A Multidisciplinary activity that involves the STEM disciplines
The focus is on the study of climatic factors and the causes leading to an increase in temperature.
Age : 14-15 years
STEM : math, science, biology, physics, English.
Teachers: Mario Di Fonza, Sabrina Nappi, Rosanna Busiello, Josephine Iannone
Pupils take a quiz on www.mentimeter.com
Crickets sing to….
1. Call the female: male cricket’s challenge is to be loud enough to be heard
2. Courting ritual
3. Drive other males away.
The song of crickets is the nocturnal soundtrack of our collective rural, suburban and even urban lives.
Some other questions:
Crickets are insects belonging to the orthoptera family, and as such they emit sounds called chirps.
The song of the cricket
The students listening with greater attention to the song of a cricket https://www.youtube.com/watch?v=UGOS4e99kj4. The most bizarre and interesting thing to observe is that this song is discontinuous and is related to the temperature. The temperature rises and you can hear the cries of crickets.
The crickets “sing” rubbing their legs. The warmer the weather is, the faster they “sing”.
The focus is on the study of climatic factors and the causes which are leading to an increase in temperatures as a function of the perceived chirps of crickets.
Thermometers of the poor
Crickets are considered the thermometers of the poor, an expression that comes from the observation that the chirping of these animals increases or decreases in relation to the temperature of the environment. Crickets are cold-blooded, which means they take on the temperature of their surroundings. The temperature rises and crickets chirp more easily. The temperature drops and the reaction rate of the crickets slows down, causing their chirping to decrease as well.
The Engagement is curious and the students are invited to verify this discovery.
In this paragraph, the Students are provided with data taken from a research carried out in 2007 in Boulder (Colorado, USA), and are asked if it is possible to find a relationship between the number of crickets’ chirps (f) and the location temperature (t).
The students analyze the data on the table and build a scatter chart by observing how the points are arranged through the use of google sheets, and discuss it in groups.
The students, from reading the graph, create a mathematical model that relates the temperature to the song of the crickets: t = a ∙ f + b, number of crickets’ chirps (f) and the location temperature (t).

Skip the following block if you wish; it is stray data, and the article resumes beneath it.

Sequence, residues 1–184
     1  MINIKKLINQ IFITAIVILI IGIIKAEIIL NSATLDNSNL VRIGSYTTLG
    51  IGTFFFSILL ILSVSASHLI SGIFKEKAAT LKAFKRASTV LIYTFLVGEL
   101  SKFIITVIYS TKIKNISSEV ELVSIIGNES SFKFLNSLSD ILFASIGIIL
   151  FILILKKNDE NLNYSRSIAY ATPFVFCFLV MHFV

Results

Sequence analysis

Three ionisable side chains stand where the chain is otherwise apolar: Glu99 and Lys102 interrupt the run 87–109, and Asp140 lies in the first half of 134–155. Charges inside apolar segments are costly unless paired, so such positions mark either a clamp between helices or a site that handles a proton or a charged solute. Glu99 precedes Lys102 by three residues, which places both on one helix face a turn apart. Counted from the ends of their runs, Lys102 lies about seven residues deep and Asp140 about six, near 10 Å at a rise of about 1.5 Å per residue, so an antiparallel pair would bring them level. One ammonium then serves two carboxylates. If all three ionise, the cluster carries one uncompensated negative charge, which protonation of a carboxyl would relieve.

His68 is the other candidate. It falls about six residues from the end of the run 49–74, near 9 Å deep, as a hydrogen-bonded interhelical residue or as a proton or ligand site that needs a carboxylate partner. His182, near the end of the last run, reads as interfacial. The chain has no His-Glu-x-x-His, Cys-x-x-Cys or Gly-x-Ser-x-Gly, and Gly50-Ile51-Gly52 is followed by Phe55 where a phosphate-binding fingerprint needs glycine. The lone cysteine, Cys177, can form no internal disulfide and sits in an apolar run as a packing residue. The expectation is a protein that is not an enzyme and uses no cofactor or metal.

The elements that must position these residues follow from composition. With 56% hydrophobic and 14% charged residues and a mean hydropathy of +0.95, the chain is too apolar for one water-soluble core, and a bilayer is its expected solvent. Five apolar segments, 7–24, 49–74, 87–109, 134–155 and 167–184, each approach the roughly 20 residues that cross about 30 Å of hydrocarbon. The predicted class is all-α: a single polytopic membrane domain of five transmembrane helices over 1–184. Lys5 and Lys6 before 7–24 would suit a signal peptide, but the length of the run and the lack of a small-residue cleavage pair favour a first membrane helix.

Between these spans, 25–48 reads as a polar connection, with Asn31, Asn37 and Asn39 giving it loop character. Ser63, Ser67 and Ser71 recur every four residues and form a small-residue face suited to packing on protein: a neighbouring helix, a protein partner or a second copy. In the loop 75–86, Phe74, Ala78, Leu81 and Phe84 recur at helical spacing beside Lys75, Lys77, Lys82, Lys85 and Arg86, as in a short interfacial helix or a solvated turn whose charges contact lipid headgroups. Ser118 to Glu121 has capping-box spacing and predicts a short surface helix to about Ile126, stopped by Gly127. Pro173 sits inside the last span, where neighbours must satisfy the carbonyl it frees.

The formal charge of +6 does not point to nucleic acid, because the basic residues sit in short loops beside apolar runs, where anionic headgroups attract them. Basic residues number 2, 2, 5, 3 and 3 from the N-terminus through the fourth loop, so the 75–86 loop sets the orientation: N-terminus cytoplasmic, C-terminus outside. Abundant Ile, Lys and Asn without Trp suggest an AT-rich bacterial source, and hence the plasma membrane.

The relation: t = a ∙ f + b gives the value of the correlation between the increase in temperature and the song of the crickets.
Students write the equation of the regression line passing through the points in the graph and calculate the correlation coefficient.
From the analysis of the data, students move on to analyze Dolbear’ s Law in physics.
Amos Dolbear, was a 19th century American physicist, professor and inventor who studied various species of crickets to determine the relation between the number of chirps per minute and the ambient temperature.
In 1897 Amos published an article “The cricket as a thermometer”, where the formula is reported (Dolbear’ s Law): T = 50 + ((N – 40) / 4) , where T is the temperature in Fahrenheit degrees and N is the number of chirps per minute.
The students convert Fahrenheit to Kelvin. They convert them to Celsius as an exercise too.
Dolbear’ s law, applied to the chirping of crickets, allows us to estimate temperatures between 55 and 100 degrees Fahrenheit. On summer evenings the crickets feel at their best.
Deepening with the sciences
The students reflect on the question: What happens in human beings if the internal temperature increases? The consequence is the link between physics and the sciences: the heart beats faster if the internal temperature increases.
Pupils are asked, in pairs, to determine and share their body temperature by measuring the frequency of heart beats per minute, taking into account the relationship between heart activity and the internal body temperature reported:
Fever inside the abdomen
with 70 beats per minute
with 80 beats per minute
with 90 beats per minute
with 100 beats per minute
with 110 beats per minute
with 120 beats per minute
Pupils discuss the table, observing how each degree Celsius of body temperature increase corresponds on average to 8 beats per minute increase in heart rate.
In this way, the focus is on the study of climatic factors that increase temperatures.
To get different results, the pupils tried to “warm up” by running or doing some physical exercise.
Deepening with the biology